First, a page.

Planning your trip

Chile is a long, narrow strip of land (over 4,300 km or 2,600 mi), nestled between the Andes to the east and the Pacific Ocean to the west. Its population exceeds 17 million and the largest city and capital is Santiago. Chile borders Peru to the north, Bolivia to the northeast, Argentina to the east, and the Drake Passage in the far south. The Chilean territory includes the Pacific islands of Juan Fernández and Easter Island. Chile also claims about 1,250,000 sq kms (480,000 sq mi) of Antarctica under the Chilean Antarctic Territory.
Spain conquered and colonized the region in the mid-16th century, replacing Inca rule in the north and center, but failing to conquer the Mapuche people in what is now south-central Chile. Since declaring its independence from Spain in 1818, Chile has grown to what is now considered a safe and stable developing nation.


When coming to Chile its useful to take into account some information that will ensure a safe and pleasant visit.

▪ As in any big city, in Santiago, you should always be attentive with your bags and suitcases to avoid petty theft. Although this is a rare occurrence.

▪ Keep copies of important documents, such as your passport.

▪ Avoid walking alone at night in peripheral locations.

▪ Avoid carrying flashy valuable item, such as large cameras, that attract attention in cities.

▪ When exploring on your own, always carry a map and the address of your accommodation.

▪ If travelling on your own far from the city, take a first aid kit and the names in Spanish of the medications you may need.


Citizens of South America, the European Union, the United States, Canada and Australia do not need a visa when entering the country as a tourist. However, some countries may need to pay a cash fee (reciprocity tax) upon arrival at the airport in Santiago. Also, remember that Chile has strict rules with regards to entering the country with any animal or plant products. These must be declare at your port of entry before the Agricultural and Livestock Service (SAG).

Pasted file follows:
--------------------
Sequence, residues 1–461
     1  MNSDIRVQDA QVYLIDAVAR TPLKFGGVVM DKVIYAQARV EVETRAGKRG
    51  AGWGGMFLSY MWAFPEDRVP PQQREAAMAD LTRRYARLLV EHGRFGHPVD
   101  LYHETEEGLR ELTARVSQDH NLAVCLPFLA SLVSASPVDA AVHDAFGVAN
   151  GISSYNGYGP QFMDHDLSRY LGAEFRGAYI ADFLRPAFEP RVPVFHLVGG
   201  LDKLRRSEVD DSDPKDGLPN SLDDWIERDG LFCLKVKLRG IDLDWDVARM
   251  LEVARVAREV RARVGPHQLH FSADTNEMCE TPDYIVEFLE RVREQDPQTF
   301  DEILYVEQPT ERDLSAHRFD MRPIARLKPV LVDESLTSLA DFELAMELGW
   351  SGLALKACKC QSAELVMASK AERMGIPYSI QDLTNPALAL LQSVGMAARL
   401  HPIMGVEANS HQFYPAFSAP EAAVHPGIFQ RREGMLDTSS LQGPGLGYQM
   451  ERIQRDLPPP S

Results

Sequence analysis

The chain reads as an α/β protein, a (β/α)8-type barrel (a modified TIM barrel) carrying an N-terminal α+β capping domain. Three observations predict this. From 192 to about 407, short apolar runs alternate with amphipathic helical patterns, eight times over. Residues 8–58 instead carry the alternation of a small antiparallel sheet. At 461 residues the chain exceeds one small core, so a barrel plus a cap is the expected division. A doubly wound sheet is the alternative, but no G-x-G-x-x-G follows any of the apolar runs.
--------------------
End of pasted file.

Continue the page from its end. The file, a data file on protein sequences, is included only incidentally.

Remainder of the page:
Checked luggage has a maximum weight allowance of 23 kg and dimensions of up to 158 linear cm (width + height + height). If your luggage weighs more than 23 kg it will be subject to excess baggage charges. The maximum weight as allowed excess is 45 kg. for routes within Chile. Carry-on bag must be a maximum of 55 x 35 x 25 cm, and weigh less than 8 kg.


Outlets in Chile use 220V and all plugs/sockets use the type C/L.


Our currency is the Chilean peso (CLP). Bank notes come in denominations of 500, 1000, 2000, 5000, 10,000 and 20,000 pesos. Coin values are 10, 50, 100 and 500 pesos. We recommend carrying small bills with you in case you want to buy small items in local shops. Although credit and debit cards are accepted ubiquitously, except in some rural areas.


ATMs are widely available and credit cards are accepted at most shops and hotels. Traveler's checks are not widely accepted. Although in Chile some businesses accept dollars or euros, it is quite uncommon and is preferable to exchange your currency to Chilean pesos.


Due to Chile’s unique geography, climates span from the driest desert in the world in the north to hyperhumid rainforests in the south. Here we provide a brief overview of what you might expect in each area of the country and the appropriate clothing needed to be comfortable.